Ben Cook at NASA’s Goddard Institute for Space Studies has a new paper that offers a reminder of why the impact of climate change on our ecosystems and water supplies involves more than “will it rain less”?
In some sense this is an old and obvious point, which I link here just to repeat said old and obvious point. Drought is a combination of how much rain and snow falls from the sky and then what happens once it hits the ground. If it’s warmer, more evaporates, and it’s the net left behind after the puts and takes that defines our available water supply and drought or lack thereof. Here’s Cook:
For many regions, focusing on the precipitation response alone will be insufficient to fully capture changes in regional water resources such as soil moisture, runoff, or reservoir storage. Instead, increased evaporative demand will play a critical role in spreading drought beyond the sub-tropics and into the Northern Hemisphere mid-latitudes, regions of globally important agricultural production.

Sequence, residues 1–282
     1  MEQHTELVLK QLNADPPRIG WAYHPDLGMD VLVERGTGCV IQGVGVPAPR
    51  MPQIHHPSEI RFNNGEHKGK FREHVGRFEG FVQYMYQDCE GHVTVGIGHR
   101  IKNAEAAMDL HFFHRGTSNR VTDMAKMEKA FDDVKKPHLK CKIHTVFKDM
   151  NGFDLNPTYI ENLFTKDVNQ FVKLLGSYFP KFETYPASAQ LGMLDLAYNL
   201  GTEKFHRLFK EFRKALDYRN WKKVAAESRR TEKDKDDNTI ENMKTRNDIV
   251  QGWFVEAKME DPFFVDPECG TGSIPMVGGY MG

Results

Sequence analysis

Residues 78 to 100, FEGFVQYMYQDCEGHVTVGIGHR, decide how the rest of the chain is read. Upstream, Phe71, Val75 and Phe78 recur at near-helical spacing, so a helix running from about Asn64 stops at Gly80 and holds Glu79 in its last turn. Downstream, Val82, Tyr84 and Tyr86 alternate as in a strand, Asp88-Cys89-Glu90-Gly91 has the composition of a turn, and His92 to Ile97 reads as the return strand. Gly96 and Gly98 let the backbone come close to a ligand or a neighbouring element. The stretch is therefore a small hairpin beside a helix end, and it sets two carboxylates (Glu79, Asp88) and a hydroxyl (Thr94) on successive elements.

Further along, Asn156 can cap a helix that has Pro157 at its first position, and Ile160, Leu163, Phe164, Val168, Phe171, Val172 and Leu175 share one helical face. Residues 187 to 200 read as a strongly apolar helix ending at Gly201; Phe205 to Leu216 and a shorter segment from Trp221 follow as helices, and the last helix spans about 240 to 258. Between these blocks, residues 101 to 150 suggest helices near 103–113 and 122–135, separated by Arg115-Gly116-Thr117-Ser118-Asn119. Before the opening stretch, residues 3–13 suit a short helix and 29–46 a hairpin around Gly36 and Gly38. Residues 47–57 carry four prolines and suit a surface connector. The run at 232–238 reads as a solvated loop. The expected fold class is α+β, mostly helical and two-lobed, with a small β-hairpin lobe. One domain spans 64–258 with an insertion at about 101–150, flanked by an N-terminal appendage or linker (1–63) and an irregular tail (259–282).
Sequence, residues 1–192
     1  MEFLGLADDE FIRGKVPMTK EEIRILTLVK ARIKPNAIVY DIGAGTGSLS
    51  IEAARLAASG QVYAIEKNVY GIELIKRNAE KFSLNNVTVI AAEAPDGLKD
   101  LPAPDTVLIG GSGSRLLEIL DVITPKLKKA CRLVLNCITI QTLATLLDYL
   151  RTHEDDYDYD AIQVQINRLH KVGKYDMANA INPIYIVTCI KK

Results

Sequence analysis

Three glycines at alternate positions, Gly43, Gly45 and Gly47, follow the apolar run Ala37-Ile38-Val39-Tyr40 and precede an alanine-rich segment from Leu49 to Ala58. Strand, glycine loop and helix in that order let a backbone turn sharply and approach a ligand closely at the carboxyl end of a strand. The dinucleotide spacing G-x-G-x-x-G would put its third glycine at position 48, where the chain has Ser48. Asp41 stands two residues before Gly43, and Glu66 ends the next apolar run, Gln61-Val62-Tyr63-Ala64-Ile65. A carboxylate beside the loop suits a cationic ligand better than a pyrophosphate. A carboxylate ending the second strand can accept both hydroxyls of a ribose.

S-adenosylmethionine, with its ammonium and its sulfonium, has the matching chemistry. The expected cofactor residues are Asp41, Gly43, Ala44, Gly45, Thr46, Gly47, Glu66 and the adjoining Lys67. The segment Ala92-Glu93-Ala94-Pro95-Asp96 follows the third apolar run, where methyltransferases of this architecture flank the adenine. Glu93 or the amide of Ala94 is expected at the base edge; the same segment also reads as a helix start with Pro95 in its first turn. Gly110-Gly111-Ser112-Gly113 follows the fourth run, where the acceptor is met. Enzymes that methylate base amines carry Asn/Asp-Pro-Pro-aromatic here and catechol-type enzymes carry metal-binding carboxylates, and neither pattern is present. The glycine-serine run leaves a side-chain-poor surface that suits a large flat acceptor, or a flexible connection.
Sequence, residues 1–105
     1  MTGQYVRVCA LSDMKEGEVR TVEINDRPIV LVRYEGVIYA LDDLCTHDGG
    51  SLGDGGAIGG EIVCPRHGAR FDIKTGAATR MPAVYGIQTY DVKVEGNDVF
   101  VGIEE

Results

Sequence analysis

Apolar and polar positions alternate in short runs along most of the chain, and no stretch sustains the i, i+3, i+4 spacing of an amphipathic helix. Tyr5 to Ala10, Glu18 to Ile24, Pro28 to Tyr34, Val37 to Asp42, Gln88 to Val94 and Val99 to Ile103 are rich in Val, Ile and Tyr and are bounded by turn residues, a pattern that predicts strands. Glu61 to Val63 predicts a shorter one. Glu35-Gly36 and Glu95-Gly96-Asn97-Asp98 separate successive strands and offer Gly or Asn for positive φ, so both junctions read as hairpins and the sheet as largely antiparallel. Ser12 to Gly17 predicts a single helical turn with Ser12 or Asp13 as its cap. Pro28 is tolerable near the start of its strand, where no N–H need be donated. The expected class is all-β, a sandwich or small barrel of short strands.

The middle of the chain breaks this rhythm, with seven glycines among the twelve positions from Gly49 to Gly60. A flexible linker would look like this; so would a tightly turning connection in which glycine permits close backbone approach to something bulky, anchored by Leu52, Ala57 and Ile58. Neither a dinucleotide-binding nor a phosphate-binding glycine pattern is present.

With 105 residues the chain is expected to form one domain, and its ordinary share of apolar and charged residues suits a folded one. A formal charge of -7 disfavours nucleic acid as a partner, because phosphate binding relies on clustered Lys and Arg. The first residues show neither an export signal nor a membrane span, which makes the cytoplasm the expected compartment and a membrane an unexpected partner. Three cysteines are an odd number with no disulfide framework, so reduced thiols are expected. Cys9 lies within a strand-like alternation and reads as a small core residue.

But Ben’s a smart scientist who is doing more than what I usually do here, which is simply restate the obvious. The new in the paper is the use of the latest round of models, known as CMIP5, along with a couple of different measures of dryness, to better flesh out the picture.
There’s been some argument over whether the Palmer Drought Severity Index (the most common measure for this sort of thing) is the best way to analyze future drought scenarios, so Cook and colleagues offer up alternatives, including the Standardized Precipitation Index and a look at “vapor pressure deficit” (a critical measure for thinking about the future of our forest – see Park Williams on this):
PDSI and SPEI projections using precipitation and Penman-Monteith based PET changes from the GCMs generally agree, showing robust cross-model drying in western North America….
update: Dr. Cook kindly shared this link to an ungated copy of the paper (extremely large pdf)